With thirty-seven states on board with marriage equality, our legal advocates, community, and allies knew it would be just a matter of time before the justices of the U.S. Supreme Court would decide the issue. At the end of the long awaited April 28th Supreme Court hearing of Obergefell v. Hodge I’m worried.
Jim Obergefell and the other plaintiffs may worried be too. Obergefell is not an activist of any sort, never expected to be a cause célèbre, But when he sued his home state of Ohio for refusing to recognize him as the legal widower of his deceased spouse the lawsuit made its way to the highest court in the land. Obergefell is the lead plaintiff in the four marriage equality cases collectively known as Obergefell v. Hodge. His is now one of lives hanging in the balance.
In 2011 Obergefell’s partner John Arthur was diagnosed with amyotrophic lateral sclerosis (ALS) , a fatal neurological disease. In 2013, just three months before Arthur died and following the Supreme Court ruling that allows for official recognition of same-sex marriage, they married on a medical plane on a Baltimore airport tarmac. A federal judge ruled that their marriage be recognized on Arthur’s death certificate. The state of Ohio, however, refused to recognize the marriage because the Buckeye State banned same-sex marriage in 2004.
Mildred Loving never expected to be a cause célèbre, either. But she and her husband, a white man, were indicted by a Virginia grand jury in October 1958 for violating the state’s ‘Racial Integrity Act of 1924.”
On June 12, 1967, Chief Justice Earl Warren delivered the opinion of the high court in the Loving vs. Commonwealth of Virginia:
“Marriage is one of the ‘basic civil rights of man,’ fundamental to our very existence and survival. To deny this fundamental freedom on so unsupportable a basis as the racial classifications embodied in these statutes, classifications so directly subversive of the principle of equality at the heart of the Fourteenth Amendment, is surely to deprive all the State’s citizens of liberty without due process of law. The Fourteenth Amendment requires that the freedom of choice to marry not be restricted by invidious racial discriminations. Under our Constitution, the freedom to marry, or not marry, a person of another race resides with the individual and cannot be infringed by the State. These convictions must be reversed.”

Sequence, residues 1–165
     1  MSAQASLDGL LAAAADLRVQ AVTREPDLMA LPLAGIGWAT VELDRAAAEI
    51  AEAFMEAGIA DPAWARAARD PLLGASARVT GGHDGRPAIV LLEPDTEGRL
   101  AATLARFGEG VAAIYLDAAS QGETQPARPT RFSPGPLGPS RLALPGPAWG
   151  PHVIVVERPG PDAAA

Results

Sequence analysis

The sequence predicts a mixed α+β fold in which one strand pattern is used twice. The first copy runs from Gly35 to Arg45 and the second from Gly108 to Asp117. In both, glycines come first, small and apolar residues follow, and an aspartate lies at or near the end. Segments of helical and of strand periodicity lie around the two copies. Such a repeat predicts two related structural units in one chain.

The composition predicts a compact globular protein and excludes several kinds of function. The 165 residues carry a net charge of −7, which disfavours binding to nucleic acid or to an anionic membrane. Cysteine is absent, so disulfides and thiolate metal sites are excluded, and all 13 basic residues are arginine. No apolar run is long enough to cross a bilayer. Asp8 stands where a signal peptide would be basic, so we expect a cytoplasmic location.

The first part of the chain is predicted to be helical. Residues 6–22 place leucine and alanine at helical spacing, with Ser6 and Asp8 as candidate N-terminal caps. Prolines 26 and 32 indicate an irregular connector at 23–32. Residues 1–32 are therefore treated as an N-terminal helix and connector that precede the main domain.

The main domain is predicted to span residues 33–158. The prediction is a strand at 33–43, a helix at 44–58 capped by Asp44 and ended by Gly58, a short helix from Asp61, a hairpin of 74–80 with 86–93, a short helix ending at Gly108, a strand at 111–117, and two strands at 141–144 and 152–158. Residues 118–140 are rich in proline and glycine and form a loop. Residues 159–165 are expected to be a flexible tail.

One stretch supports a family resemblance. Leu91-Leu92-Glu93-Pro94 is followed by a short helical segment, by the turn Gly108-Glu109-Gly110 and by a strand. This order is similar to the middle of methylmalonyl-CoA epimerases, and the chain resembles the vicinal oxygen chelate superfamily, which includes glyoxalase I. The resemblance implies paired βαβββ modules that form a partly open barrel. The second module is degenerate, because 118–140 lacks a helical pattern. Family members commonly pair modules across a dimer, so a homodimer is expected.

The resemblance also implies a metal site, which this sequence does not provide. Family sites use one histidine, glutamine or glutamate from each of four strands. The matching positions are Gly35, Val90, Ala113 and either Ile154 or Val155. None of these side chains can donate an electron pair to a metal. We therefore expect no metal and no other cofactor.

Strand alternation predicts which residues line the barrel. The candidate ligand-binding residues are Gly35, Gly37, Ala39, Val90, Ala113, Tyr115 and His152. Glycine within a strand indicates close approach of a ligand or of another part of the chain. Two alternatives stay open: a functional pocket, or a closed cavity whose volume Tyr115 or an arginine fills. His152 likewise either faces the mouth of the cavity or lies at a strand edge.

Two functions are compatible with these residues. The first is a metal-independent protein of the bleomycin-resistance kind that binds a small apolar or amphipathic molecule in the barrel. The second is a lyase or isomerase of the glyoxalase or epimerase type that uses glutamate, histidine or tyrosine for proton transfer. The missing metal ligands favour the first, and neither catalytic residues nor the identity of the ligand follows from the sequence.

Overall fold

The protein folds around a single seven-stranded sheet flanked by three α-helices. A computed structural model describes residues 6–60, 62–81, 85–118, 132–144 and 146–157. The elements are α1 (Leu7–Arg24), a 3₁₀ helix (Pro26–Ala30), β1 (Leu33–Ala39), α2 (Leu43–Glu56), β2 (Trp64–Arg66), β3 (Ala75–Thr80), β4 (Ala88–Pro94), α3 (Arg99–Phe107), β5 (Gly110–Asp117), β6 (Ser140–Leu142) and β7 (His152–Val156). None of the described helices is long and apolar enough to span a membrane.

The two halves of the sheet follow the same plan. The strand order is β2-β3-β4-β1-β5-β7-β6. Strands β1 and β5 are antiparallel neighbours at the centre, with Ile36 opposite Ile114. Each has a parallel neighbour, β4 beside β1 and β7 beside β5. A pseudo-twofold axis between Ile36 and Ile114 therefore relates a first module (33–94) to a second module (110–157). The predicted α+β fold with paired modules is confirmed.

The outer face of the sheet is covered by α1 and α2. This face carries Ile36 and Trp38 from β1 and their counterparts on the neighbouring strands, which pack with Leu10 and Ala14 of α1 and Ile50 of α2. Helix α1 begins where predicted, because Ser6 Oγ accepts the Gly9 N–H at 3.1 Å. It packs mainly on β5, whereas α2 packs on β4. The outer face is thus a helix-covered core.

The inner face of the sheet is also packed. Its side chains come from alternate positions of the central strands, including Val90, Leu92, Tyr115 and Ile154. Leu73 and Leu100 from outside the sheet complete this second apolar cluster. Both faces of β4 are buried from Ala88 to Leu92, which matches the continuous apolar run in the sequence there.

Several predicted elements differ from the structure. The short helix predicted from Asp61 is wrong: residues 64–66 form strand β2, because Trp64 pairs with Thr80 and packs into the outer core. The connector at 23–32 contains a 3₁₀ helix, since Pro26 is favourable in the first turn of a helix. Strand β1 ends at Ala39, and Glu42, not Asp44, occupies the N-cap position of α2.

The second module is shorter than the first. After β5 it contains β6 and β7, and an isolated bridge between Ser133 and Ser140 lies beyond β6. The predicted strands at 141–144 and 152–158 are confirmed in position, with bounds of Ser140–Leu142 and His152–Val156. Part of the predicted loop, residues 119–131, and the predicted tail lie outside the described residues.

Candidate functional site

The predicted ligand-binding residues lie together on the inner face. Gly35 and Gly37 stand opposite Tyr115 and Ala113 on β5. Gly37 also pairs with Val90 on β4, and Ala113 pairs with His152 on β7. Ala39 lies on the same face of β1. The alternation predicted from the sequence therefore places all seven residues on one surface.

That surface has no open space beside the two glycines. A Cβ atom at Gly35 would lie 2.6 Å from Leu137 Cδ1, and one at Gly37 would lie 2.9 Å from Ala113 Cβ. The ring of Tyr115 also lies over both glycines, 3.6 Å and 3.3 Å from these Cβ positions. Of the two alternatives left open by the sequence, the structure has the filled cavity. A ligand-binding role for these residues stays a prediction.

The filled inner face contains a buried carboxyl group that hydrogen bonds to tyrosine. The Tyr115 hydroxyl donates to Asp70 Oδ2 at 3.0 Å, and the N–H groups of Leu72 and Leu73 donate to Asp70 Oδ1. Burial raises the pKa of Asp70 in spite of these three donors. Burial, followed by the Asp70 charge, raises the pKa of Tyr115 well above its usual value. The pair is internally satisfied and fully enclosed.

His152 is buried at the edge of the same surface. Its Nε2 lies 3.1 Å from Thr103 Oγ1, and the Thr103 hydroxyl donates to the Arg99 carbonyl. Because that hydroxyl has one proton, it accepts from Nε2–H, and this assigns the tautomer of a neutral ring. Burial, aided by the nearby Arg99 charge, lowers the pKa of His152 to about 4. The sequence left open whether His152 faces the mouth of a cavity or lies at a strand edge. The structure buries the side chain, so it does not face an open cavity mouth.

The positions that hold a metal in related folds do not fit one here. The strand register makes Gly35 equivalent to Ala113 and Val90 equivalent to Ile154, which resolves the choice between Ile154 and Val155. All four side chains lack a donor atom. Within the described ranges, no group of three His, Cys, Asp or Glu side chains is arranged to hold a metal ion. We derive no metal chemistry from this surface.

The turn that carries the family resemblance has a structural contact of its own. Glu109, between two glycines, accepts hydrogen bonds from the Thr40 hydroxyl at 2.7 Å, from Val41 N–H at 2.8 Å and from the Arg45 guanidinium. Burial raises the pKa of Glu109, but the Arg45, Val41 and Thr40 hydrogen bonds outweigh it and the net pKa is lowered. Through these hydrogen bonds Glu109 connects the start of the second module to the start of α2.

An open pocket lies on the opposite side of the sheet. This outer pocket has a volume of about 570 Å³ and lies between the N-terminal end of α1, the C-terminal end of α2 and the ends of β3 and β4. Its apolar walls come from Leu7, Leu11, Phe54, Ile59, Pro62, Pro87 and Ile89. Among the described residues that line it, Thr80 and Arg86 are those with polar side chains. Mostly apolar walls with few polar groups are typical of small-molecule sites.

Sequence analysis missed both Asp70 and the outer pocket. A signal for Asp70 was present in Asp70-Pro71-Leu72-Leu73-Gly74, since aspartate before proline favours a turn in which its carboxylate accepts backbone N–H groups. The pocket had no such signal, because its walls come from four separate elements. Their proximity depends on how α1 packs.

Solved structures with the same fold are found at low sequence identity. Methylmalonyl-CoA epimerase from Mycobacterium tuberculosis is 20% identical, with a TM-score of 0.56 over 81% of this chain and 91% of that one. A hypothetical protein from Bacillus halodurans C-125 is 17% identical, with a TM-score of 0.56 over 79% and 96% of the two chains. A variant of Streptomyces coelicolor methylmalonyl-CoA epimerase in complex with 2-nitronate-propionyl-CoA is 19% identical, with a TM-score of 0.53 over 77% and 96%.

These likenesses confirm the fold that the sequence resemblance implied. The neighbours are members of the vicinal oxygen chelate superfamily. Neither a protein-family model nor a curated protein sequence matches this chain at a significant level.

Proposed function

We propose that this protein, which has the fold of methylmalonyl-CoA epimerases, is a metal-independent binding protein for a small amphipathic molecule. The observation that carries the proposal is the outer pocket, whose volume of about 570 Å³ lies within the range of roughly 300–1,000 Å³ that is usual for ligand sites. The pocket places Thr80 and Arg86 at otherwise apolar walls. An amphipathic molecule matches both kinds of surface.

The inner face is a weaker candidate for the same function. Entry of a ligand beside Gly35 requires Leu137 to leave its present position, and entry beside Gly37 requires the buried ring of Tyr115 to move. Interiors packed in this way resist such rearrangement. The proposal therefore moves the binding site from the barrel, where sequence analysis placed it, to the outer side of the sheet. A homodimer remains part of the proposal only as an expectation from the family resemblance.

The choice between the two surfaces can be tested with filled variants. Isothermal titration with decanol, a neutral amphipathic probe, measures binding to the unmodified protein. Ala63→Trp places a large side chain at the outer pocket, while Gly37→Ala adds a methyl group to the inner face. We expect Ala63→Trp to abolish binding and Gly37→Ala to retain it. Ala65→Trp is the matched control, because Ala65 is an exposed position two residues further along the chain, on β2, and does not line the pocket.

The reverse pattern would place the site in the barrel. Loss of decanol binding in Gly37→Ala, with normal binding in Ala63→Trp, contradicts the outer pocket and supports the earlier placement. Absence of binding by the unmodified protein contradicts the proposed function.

In commemorating the 40th anniversary of Loving v. Virginia Mrs. Mildred Loving on June 12, 2007, wrote, “When my late husband, Richard, and I got married in Washington, DC in 1958, it wasn’t to make a political statement or start a fight. We were in love, and we wanted to be married. Not a day goes by that I don’t think of Richard and our love, and how much it meant to me to have that freedom to marry the person precious to me, even if others thought he was the “wrong kind of person” for me to marry. I believe all Americans, no matter their race, no matter their sex, no matter their sexual orientation, should have that same freedom to marry. I am proud that Richard’s and my name are on a court case that can help reinforce the love, the commitment, the fairness, and the family that so many people, black or white, young or old, gay or straight, seek in life. I support the freedom to marry for all. That’s what Loving, and loving, are all about.”
The Supreme Court case of Obergefell v. Hodge presented oral arguments on two basic questions:
1. Does the Fourteenth Amendment require a state to license a marriage between two people of the same sex?
2. Does the Fourteenth Amendment require a state to recognize a marriage between two people of the same sex when their marriage was lawfully licensed and performed out-of-state?
Marriage is an inalienable right. At present, according the Williams Institute “60,000 married same-sex couples live in states with bans on marriage for same-sex couples.”
When society narrowly defines marriage as the union between a man and a woman, it is not only policing the sexual behaviors of LGBTQ people, but society is also policing the sexual behaviors of heterosexuals. Handcuffing marriage to a heterosexual paradigm merely chokes its possibility of ever flourishing and lasting, especially as societies are beginning to understand the fluidity of gender and sexual identities as well as the constant changing configuration of family units.
As Obergefell v. Hodge was being debated a U.S. Supreme Court Rally was taking place with a steady stream of LGBTQ speakers sharing their compelling narratives of how marriage equality would give them rights, benefits, family security and full citizenship heterosexual couples and families have.
By closing arguments on April 28 SCOTUSblog wrote “No clear answers on same-sex marriage.”
Democracy can only begin to work when those relegated to the fringes of society can begin to sample what those in society take for granted as their inalienable right. And sometimes for that to happen people, like Supreme Court Justices, have to step in to make the democratic process work for us all.
I hope before the court renders a decision all nine Supreme Court justices have attended at least one same-sex wedding, because the experience would help them see that real lives are at stake.
While we have until June before the Supreme Court renders their decisions, I also hope the Court understands that we LGBTQ Americans merely want what heterosexuals Americans have always been able to take for granted-marriage.